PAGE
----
Use Humor to Open Minds

Civil resistance actions can have many different purposes. But one goal is often to persuade the general public to change their opinions and support your cause. You might try to do this directly or through media coverage. In either case, this is a tough task because many in your “audience” will have pre-formed opinions. Entrenched beliefs and attitudes are the lens through which they perceive

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Laughing at Authority

A few years ago Mahmoud Ahmadinejad, then president of Iran, spoke at Columbia University. I heard a clip from that speech on the radio that stuck in my mind. The authoritarian leader was answering a question about the treatment of gay people in his country. This is what he said: In Iran, we don’t have homosexuals like in your country. (Laughter.) We don’t have that

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Harnessing Grassroots Power

When people band together to engage in smart, strategic activism, they can sometimes compel their government to act in their best interest. That seems to be what happened recently when the Maryland state legislature passed a permanent statewide ban on fracking, against the wishes of a powerful oil and gas lobby.But it didn’t happen by chance, or because the politicians wanted to do the right

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Start Small

Let’s say you’re passionate about fighting climate change. You form a local group to work for a national reduction in carbon emissions. You write letters to congress, hand out leaflets to raise public awareness and organize demonstrations in your town. Meanwhile, more climate-change deniers are elected, coalmines reopened and auto fuel-efficiency standards relaxed. Despite your hard work, membership in your little group gradually wanes to

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Sharp on Resistance by Government Workers

Governments, like all large bureaucracies, are run by people. People can be disobedient, uncooperative and stubborn. As a result, governments are vulnerable to noncooperation attacks from the civil servants who are tasked with carrying out their policies. In his famous list of 198 methods of nonviolent action, Gene Sharp includes resistance techniques that have been used by government workers. The methods are categorized as “Political

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Top 15 Disruption Techniques from the OSS

In 1944 the predecessor to the CIA, known as the Office of Strategic Services (OSS), produced a little pamphlet called Simple Sabotage Field Manual. Apparently it was to be distributed to enemy occupied countries during World War II in an attempt to encourage disruption of their governments’ war effort. The manual is full of tips on how to disrupt the smooth operation of industry, government and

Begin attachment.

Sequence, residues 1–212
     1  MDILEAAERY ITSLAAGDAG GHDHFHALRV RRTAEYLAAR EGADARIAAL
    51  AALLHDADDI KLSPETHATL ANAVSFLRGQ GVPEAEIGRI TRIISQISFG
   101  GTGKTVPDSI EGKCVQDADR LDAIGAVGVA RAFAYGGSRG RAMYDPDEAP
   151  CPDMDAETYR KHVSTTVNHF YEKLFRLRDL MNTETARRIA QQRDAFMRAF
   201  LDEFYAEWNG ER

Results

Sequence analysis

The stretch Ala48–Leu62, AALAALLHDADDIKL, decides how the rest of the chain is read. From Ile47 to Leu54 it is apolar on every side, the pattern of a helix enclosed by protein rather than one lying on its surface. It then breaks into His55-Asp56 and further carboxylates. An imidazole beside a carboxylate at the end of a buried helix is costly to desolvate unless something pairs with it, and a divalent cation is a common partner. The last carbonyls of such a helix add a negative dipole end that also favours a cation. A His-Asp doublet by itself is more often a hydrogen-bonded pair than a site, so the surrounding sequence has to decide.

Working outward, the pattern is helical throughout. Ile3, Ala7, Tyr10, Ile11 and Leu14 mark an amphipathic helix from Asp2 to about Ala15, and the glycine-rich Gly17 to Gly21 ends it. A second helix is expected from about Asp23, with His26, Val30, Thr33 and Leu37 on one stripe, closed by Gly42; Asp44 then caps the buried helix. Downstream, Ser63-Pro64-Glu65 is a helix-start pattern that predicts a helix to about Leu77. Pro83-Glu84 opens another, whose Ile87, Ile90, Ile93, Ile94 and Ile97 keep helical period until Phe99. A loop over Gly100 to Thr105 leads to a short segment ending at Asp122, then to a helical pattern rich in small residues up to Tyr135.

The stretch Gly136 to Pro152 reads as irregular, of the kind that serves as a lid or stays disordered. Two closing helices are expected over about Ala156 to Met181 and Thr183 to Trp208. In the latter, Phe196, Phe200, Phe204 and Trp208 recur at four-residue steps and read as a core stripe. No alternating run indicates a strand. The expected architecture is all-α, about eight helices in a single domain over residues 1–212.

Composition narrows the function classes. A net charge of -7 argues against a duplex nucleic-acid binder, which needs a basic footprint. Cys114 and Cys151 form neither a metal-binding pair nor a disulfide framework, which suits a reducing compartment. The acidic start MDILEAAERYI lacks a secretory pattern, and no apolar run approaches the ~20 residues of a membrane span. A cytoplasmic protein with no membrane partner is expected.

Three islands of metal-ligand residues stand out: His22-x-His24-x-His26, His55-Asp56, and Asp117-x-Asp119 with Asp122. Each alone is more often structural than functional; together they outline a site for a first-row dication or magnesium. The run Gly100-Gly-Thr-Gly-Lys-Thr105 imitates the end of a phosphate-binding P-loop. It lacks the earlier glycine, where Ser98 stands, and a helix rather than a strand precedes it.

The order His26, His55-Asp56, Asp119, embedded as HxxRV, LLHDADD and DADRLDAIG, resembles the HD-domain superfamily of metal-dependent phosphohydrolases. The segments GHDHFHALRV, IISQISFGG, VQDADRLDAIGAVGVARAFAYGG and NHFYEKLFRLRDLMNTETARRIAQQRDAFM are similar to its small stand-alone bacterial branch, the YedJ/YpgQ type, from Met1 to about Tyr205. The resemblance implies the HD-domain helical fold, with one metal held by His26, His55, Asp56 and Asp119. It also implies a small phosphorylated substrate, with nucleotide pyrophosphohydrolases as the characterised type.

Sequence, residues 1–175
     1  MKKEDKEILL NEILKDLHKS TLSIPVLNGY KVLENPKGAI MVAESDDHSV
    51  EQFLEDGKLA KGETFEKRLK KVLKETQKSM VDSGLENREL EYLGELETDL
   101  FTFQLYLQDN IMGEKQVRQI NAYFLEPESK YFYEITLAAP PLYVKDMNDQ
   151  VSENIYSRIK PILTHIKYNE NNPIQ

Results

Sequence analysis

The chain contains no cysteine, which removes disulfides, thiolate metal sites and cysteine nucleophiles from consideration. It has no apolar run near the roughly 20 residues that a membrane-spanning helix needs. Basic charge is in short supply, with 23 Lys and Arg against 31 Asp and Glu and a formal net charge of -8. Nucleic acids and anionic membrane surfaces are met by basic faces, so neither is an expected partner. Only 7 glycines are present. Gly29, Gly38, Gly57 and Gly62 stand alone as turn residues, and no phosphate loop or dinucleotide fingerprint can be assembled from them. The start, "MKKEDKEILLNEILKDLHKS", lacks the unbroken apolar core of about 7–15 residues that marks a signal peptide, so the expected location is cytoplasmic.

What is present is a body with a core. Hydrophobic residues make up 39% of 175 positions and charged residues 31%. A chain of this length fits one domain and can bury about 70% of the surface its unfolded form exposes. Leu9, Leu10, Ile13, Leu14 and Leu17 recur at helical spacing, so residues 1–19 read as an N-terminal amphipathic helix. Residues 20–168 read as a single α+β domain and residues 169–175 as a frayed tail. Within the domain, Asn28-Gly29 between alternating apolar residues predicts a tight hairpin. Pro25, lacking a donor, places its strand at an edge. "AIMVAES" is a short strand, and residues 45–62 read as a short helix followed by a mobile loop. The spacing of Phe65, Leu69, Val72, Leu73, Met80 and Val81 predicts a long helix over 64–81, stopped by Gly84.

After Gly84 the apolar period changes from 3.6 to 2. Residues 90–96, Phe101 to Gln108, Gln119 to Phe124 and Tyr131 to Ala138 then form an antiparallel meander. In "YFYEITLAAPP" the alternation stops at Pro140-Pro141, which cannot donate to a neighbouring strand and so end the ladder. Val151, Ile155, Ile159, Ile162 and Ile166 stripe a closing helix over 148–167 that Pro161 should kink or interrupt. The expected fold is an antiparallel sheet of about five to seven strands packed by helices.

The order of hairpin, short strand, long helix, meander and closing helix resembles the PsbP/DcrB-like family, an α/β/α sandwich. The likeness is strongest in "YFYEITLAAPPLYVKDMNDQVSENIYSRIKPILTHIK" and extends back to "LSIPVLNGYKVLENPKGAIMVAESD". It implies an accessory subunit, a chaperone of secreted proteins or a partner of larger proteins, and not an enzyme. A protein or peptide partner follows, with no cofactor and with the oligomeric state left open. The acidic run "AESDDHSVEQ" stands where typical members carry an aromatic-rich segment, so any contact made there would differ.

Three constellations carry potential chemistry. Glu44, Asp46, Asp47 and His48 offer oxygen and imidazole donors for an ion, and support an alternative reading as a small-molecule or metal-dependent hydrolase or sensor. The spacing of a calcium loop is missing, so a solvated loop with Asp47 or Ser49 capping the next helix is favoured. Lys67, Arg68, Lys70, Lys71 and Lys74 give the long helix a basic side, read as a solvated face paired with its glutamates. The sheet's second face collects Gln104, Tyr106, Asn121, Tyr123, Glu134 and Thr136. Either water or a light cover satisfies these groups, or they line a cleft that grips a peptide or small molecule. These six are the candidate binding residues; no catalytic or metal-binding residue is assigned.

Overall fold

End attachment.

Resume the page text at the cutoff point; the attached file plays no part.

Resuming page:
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Monkeywrenching Government

If you work for a government that is exhibiting authoritarian tendencies, there are many nonviolent methods you can use to obstruct and impede the implementation of its policies. Government leaders depend on the support of ordinary civil servants to get their policies carried out. But that support is always tenuous. The ways of fouling up the work of government are endless. Far from being rational,

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Making Your Protest Count

You organize a big local protest march. Hundreds of people turn out. Energy levels are high and everyone is in good spirits. It is considered a wild success. But what did you really gain? Unless the event was part of a larger strategy, you are probably no closer to achieving your goal. It was largely a wasted effort. That is not to say there is

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Thinking Strategically

A few years ago when the Iraq war was going on, I would sometimes attend the meetings of our local peace coalition. The people there, mostly respectable members of the community, would tell you they were strong advocates of “nonviolence.” Yet I sense that nonviolence meant something different to them than it did to me. For them, it was simply the absence of violence—not physically hurting

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About Nonviolence 3.0

First there was the satyagraha of Mahatma Gandhi and the soul force of Martin Luther King—nonviolence 1.0. Then there was the purely strategic nonviolence of Gene Sharp and his theories of raw power stripped of ethics and morality—nonviolence 2.0. What’s next? That’s what we intend to explore here. While Gandhi, King and Sharp have much to teach us, the 21st century is seeing amazing new

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